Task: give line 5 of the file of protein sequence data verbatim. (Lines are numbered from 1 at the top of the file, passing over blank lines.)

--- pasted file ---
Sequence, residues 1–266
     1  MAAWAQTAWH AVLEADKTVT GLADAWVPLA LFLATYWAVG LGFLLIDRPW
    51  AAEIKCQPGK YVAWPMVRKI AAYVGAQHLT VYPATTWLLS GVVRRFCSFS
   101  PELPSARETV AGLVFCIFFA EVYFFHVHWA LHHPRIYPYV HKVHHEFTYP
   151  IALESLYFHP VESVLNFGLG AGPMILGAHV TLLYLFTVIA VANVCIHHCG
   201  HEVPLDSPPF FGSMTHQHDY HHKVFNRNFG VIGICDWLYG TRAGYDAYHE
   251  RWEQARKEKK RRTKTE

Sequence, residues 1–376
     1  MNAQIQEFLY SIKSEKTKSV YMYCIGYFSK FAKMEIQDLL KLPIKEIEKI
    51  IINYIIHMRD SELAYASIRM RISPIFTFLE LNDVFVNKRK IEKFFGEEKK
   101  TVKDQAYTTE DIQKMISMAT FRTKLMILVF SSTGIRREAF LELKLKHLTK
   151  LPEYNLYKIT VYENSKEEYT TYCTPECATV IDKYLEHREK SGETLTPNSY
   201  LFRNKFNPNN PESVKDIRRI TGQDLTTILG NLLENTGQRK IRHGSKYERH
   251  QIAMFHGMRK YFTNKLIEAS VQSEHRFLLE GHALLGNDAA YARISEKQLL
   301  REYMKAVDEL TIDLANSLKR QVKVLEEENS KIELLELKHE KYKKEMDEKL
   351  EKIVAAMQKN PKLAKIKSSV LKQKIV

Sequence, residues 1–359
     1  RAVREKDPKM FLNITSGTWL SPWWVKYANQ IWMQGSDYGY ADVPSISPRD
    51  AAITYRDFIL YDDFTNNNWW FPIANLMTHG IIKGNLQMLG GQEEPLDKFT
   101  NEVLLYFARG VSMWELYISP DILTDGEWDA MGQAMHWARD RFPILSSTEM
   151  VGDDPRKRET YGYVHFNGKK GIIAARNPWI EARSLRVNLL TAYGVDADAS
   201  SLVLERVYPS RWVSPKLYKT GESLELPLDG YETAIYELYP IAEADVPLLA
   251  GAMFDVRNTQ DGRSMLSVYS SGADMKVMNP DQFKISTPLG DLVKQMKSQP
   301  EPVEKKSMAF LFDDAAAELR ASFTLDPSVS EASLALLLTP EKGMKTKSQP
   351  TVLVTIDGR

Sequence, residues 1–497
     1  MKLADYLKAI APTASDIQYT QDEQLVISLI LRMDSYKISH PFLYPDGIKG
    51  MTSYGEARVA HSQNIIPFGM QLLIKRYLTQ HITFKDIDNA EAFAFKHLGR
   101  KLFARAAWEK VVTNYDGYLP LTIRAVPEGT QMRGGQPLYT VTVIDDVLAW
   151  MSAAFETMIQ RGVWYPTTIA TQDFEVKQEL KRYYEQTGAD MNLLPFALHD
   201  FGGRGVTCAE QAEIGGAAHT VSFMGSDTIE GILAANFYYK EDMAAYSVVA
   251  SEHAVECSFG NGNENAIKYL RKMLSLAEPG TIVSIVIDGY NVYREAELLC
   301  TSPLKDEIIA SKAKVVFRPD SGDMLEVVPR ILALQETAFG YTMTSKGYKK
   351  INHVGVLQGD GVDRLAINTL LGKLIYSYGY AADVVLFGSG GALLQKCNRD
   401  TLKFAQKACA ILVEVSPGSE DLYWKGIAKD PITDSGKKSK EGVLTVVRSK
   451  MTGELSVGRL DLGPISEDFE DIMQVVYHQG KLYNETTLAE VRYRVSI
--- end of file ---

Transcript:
   151  IALESLYFHP VESVLNFGLG AGPMILGAHV TLLYLFTVIA VANVCIHHCG